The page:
Theme parks around the US use food-based events to drive up their seasonal attendance levels

Theme parks around the US use food-based events to drive up their seasonal attendance levels
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Theme park food is a really big deal these days (And when I say “big,” I’m not just talking about those ginormous turkey legs that the Mouse sells at Disneyland and Walt Disney World. Which – according to what Zachary Levi told Conan O’Brien this past Thursday [one hopes, in jest] -- might actually be emu legs. Anyway …).

Ever since WDW managers first learned 20+ years that they could boost Epcot attendance levels every Fall by staging a food & wine festival around World Showcase Lagoon, theme parks have been using seasonal cuisine-driven events as a way to bring in customers.

Of course, in some cases – like Knott’s Boysenberry Festival (which runs at this Buena Park favorite from April 1st – 23rd) – this seasonal food-based event actually honors that theme park’s past. After all, it was only because he needed a way to entertain all of those people who were waiting in line to eat at Mrs. Knott’s Chicken Dinner Restaurant that Walter Knott decided to build his Ghost Town back in 1940. Which is what eventually led to the creation of America’s first theme park, Knott’s Berry Farm.

<p>Executive Chef Héctor Colón fusses over some of the items offered at SeaWorld Orlando’s Seven Seas Food Festival.</p>

Executive Chef Héctor Colón fusses over some of the items offered at SeaWorld Orlando’s Seven Seas Food Festival.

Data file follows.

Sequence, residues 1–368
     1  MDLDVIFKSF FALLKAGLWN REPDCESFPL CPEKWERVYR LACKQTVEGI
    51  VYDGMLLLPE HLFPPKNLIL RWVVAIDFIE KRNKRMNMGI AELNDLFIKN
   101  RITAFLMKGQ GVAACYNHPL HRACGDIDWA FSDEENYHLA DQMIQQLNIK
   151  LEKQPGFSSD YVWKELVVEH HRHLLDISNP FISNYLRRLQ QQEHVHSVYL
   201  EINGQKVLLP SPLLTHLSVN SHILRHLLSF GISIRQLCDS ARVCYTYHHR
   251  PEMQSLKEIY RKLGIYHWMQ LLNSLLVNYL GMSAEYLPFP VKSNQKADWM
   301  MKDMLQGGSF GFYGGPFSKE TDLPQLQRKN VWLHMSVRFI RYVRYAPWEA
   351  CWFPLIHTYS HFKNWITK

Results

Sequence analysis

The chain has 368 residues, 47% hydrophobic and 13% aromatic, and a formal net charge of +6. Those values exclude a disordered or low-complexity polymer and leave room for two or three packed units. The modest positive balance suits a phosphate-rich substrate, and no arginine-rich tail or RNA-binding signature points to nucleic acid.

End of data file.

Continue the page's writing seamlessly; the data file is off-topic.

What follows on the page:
SeaWorld Parks & Resorts

Conversely -- when it comes to the Seven Seas Food Festival (which SeaWorld Orlando will be staging on Saturdays now through May 13th) – this was more about adding something new to that theme park’s menu. The thinking here is that the more-than-60 unique Asian, European, Polynesian, Latin & North Atlantic dishes which are being served up at this seasonal cuisine-driven event won’t just appeal to people who are vacationing in Central Florida but also to Orlando-area foodies. Who, it is hoped – because SeaWorld’s Seven Seas Food Festival is only being presented on weekends – will then be able to make a special trip over to this theme park. Just so they can then tour the 11 global marketplaces which SeaWorld has set up. Not to mention sample the over 55 local & international craft brews that will be on tap there.

Now please note the term that I used in the above paragraph, “global marketplaces.” This is theme park parlance for those temporary kiosks that you see set up at these seasonal cuisine-driven events which serve food.

What’s kind of intriguing is that Walt Disney World – because Epcot now presents four festivals each year that feature a cuisine-driven component … Well, they then had to come with a number of different names to describe these “global marketplaces” / temporary kiosks.


When it comes to Epcot’s International Flower & Garden Festival (which is running now through May 29th), food is dispensed from that seasonal event’s 15 outdoors kitchens. Whereas if you wanted to purchase a snack at Epcot’s International Festival of the Arts (which – having just completed its inaugural run back on February 20th – will be returning to WDW’s science & discovery park in early 2018), you had to go to one of the eight food studios that were set up around World Showcase Lagoon.

Now when it comes to Epcot’s International Food & Wine Festival (which gets underway on August 31st this year and then runs for a record 75 days. Which – given that the 2016 edition of Food & Wine ran for 62 days [which was already 9 days longer than the 2105 version of Food & Wine ran] … Well, that gives you some idea of how hugely popular this seasonal cuisine-driven event has become), if you’re hungry, you then have to seek out one of its 30 global marketplaces.